Back in the 80’s the state started a project to boost a declining wild turkey population by establishing new flocks across the state – from Exeter to Foster, Scituate to Tiverton.
But the turkey population has declined in the past few years. So the DEM counts female turkeys and young turkeys to get a sense of population growth. And this is where the public comes in. The DEM is asking residents to report sightings of turkey hens and young turkeys.
The wild turkey population is estimated at about 3,500, a number that’s grown in the past two years.
The Department of Environmental Management will host Rhode Island Agriculture Day at the State House today with a number of activities, including the announcement of the 17 grant recipients of the Local Agriculture and Seafood Act.
If you have a cesspool within 200 feet of a drinking well, a public reservoir, or the coastline, expect to receive a $200 citation in the mail from the Department of Environmental Management. The deadline to replace cesspools with a septic system or to connect to a municipal sewer system has passed.
Cesspools are holes in the ground used to get rid of human waste from buildings. The untreated waste seeps into the soil and contaminates ground and surface waters. A law to phase out cesspools focuses on cesspools within public drinking water supplies or the coastline.
When the Narragansett Bay Commission temporarily closes its sewer overflow tunnel, the Department of Environmental Management will revert to its old rules for shellfish closures for the Upper Narragansett Bay in order to protect people's health.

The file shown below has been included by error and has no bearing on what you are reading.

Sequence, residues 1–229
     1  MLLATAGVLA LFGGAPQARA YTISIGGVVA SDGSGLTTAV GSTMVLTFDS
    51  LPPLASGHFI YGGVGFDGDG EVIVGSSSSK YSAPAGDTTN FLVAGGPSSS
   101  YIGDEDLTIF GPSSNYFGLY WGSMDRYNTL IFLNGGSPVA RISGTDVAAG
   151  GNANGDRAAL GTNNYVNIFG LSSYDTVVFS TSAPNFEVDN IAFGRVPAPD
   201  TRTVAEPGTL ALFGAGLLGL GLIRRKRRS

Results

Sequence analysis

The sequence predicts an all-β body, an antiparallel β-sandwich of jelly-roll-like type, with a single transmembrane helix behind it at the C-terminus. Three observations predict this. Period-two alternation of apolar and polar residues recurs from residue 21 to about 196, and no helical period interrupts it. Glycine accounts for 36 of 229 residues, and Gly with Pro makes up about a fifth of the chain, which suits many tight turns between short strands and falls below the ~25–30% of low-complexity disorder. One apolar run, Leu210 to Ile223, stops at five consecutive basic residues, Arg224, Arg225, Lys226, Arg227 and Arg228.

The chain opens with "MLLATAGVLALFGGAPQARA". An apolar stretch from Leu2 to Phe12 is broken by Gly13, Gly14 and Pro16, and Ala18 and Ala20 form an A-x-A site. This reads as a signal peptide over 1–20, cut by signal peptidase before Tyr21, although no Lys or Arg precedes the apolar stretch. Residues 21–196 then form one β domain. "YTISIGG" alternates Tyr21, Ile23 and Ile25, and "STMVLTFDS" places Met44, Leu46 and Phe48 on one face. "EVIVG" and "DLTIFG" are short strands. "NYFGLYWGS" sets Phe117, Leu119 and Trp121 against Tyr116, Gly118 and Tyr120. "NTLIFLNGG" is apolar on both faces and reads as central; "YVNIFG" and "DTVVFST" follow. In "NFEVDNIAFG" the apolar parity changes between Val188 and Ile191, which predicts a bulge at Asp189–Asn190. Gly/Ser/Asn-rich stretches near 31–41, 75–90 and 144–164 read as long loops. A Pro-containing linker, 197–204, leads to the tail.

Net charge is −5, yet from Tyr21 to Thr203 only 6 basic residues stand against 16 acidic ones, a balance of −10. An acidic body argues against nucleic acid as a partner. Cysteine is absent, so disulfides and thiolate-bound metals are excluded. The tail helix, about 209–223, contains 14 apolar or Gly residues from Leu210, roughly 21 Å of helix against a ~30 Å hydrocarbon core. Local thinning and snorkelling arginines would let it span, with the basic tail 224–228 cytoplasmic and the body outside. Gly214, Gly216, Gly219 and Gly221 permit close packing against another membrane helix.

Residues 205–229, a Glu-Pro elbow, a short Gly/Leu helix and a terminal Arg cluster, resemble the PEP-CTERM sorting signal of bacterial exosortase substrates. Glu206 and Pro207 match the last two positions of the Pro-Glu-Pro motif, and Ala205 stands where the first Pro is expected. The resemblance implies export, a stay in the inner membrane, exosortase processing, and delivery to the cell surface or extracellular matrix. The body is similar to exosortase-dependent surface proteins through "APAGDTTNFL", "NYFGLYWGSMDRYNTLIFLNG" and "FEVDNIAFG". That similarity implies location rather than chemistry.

Starting today, the Narragansett Bay Commission will temporarily close a tunnel that’s part of a long-term, massive project designed to meet the federal clean water act. During heavy rains, that tunnel normally stores overflows of sewer and street runoff that are later treated and released into Narragansett Bay. Now the tunnel will be offline for the next three to four weeks.
One of the biggest nostrums these days from conservatives and some elements of the business community is that our governments, at both the state and national levels, should cut down on regulation and oversight of business.
While it makes sense to streamline regulations that hamper small business, in particular, it is also instructive to parse our history for instances where lax regulation caused pain for our people and our economy.
Anglers can count on trout to fish over the winter season. Officials with the Department of Environmental Management’s Fish and Wildlife Division stocked approximately 2,000 rainbow trout in several ponds statewide during the first two weeks of December.
Those ponds include Carbuncle Pond in Coventry, Barber Pond in South Kingstown, Silver Spring Lake in North Kingstown, and the Wood River with access from Route 165 in Exeter.
Rhode Island’s Department of Environmental Management is encouraging residents to protect themselves during mosquito season.
The Department of Environmental Management says that the test results from all 180 mosquito pools from 33 traps set statewide during the week of July 8th are negative for both West Nile Virus and Eastern Equine Encephalitis.
So far this year, no mosquitoes have tested positive for West Nile Virus or EEE in Rhode Island.
The Rhode Island Department of Environmental Management is once again urging summer campers not to move firewood from outside the state. That’s to keep from spreading a couple of tree-killing invasive insects, which, so far, haven’t shown up in Rhode Island. But this year, they’re closer than ever.